I’m as big a supporter of light rail as anybody, but I gotta admit that businesses and residents down here in my little corner of Southeast Seattle kinda got screwed.
First, the station originally planned for MLK and S. Graham got scrapped for cost cutting and other reasons, making the years of construction just a little less bearable. And now that the construction is done and the trains are running (if only for testing), the realignments have made crossing MLK on S. Graham a hazard and an annoyance.
S. Graham is the main route to and from I-5 for miles around, and as such, has long made its intersection with MLK an attractive, if relatively low rent, business district. And anchoring this business district is a somewhat decrepit strip mall featuring a Viet Wah supermarket and a Union 76 station on the northeast corner.
Living just a block south of S. Graham, and a couple blocks east of Rainier, the Viet Wah (or the Red Apple before it) has always been my closest supermarket, and its reasonable prices on a large selection of produce, seafood and asian ingredients have kept me a loyal customer. But like many customers, my stops there are usually on the way home from somewhere else… a convenience that, thanks to Sound Transit and SDOT alas, no longer exists.
As the Rainier Valley Post reports, SDOT is responding to growing traffic problems at this intersection by installing C-curbs in the median on S. Graham, to physically prevent left turns into and out of the corner properties. Combined with the tracks running down the center of MLK, this will serve to severely limit access to the affected businesses.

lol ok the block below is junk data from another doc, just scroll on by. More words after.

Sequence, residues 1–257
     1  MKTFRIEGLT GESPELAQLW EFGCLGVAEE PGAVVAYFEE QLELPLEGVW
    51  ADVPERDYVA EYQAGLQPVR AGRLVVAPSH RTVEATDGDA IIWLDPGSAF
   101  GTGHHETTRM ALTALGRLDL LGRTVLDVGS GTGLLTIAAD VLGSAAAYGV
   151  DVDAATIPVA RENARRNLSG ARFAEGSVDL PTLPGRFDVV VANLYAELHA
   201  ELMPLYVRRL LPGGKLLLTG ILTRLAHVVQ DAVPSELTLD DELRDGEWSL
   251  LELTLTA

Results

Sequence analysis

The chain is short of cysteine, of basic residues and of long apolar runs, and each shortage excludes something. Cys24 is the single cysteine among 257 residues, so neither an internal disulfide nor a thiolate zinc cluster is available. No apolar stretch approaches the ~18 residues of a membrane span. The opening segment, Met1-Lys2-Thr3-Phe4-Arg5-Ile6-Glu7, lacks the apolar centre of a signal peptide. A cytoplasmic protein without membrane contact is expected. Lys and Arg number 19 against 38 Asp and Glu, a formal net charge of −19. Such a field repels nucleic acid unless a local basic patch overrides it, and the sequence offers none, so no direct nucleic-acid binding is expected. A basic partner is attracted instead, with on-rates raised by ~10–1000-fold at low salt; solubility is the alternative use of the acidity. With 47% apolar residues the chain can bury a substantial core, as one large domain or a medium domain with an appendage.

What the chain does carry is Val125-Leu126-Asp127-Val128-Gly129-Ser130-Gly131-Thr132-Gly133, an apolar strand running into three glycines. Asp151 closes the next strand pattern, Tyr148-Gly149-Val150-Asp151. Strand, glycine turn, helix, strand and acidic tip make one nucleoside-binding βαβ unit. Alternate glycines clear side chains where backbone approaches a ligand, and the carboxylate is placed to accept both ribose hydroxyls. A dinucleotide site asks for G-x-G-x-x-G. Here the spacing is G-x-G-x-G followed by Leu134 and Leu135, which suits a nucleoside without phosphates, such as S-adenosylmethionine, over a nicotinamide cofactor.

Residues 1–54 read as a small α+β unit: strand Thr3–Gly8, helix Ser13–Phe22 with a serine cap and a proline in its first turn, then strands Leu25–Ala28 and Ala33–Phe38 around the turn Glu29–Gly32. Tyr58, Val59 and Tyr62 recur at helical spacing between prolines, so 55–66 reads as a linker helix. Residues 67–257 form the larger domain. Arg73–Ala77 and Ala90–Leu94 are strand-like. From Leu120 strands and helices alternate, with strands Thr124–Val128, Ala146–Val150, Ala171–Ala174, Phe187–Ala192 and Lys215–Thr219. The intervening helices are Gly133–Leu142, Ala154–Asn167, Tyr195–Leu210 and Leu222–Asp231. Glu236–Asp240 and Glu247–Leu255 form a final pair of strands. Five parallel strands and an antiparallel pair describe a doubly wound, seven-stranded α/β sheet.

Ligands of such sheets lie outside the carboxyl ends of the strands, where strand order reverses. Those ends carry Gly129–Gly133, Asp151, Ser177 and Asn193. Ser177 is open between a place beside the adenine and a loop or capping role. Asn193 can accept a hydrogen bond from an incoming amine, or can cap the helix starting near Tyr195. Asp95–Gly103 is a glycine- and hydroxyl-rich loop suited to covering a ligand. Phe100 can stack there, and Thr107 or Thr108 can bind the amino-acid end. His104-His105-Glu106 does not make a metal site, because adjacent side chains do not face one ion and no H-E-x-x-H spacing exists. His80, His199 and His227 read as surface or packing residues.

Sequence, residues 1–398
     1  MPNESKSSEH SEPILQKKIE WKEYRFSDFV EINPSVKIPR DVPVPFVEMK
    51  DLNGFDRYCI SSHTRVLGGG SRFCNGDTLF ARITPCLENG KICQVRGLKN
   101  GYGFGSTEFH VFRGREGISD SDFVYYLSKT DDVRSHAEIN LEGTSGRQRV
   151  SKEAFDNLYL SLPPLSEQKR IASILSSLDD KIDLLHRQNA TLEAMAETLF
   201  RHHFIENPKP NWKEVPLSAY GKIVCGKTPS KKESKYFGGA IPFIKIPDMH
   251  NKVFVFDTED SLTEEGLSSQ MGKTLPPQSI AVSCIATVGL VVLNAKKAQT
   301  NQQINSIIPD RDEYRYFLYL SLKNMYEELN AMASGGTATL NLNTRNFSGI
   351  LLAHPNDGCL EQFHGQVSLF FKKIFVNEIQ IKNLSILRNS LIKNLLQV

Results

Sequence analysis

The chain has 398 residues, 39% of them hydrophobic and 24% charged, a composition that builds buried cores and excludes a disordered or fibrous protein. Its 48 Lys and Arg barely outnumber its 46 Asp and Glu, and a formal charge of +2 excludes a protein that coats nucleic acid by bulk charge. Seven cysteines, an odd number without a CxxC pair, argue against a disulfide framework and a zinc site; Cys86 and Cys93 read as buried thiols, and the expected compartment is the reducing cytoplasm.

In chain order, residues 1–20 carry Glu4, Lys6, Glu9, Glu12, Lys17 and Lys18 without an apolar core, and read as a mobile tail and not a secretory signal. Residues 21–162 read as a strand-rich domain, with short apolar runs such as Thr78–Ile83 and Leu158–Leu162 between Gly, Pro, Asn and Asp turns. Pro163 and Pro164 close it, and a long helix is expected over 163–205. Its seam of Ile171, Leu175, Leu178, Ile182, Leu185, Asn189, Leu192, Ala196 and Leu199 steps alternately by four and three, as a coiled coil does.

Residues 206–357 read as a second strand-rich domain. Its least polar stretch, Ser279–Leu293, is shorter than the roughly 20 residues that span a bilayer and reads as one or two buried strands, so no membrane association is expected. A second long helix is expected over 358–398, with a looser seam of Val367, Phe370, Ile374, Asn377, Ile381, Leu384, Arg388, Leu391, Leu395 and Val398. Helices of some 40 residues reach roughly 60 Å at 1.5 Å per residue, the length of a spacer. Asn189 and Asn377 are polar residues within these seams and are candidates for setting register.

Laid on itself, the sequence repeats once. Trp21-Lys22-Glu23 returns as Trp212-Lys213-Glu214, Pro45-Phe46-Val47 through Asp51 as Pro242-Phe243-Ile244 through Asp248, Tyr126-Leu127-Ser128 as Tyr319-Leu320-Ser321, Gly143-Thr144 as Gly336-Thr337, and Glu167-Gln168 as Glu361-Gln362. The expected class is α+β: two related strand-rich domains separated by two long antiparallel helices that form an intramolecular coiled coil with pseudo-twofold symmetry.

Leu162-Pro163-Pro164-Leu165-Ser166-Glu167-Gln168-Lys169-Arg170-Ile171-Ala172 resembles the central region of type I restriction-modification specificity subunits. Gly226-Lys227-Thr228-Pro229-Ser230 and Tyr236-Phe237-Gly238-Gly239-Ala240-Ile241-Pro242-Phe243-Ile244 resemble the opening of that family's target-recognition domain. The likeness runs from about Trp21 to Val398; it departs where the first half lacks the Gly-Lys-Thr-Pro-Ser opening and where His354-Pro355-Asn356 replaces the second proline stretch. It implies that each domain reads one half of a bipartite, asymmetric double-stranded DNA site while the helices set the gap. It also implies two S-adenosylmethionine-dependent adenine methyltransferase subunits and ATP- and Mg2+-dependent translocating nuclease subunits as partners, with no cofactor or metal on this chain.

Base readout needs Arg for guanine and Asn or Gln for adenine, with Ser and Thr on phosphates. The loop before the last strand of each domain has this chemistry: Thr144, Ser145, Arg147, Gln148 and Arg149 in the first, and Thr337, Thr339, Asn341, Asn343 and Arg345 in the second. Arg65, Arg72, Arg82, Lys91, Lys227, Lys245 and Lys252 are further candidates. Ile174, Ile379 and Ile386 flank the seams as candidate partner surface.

For example, heading south on MLK, I can no longer access the Viet Wah at all. No left from MLK, no left from S. Graham; southbound traffic simply can’t get there from here. And while I can still make a right into these businesses from westbound S. Graham and northbound MLK, upon leaving, I can no longer make a left onto S. Graham to head home. I have to make a right onto MLK, a right onto Juneau or Orcas, and then circle back through residential streets and past the playfields behind Aki Kurose.
From my perspective, you might as well just pick up these businesses and move them half a mile north. Problem for them is, I tend not to patronize the businesses half a mile north, because I rarely drive by them.
Now, you may find this complaint petty, and maybe in the larger scheme of things it is, but it is also human nature. “Location, location, location” is the mantra of real estate, and for good reason. And for many of the intersection’s businesses, the corner of MLK and S. Graham is no longer nearly as good a location as it once was. Think about how often you’ve circled a half-mile out of your way to choose one gas station over another just down the road, and then think about the predicament of independent Union 76 franchisee Gurdev Mann, in the midst of $400,000 worth of improvements on his property, suddenly learning that a quarter of the traffic driving by the corner no longer has access to his establishment.
I’m not sure what the solution is. The backups on S. Graham are more than just an annoyance to thru-traffic; it’s a hazard that at times threatens to trap cars in the intersection, and perhaps in the path of the train. And the affected businesses have been complaining about the problem for months, the manager of the Viet Wah going so far as to stand out in the street and direct traffic himself at times.
But by unilaterally installing C-curbs without buy-in from local businesses, SDOT has only inflamed the ire of local business owners against itself and Sound Transit.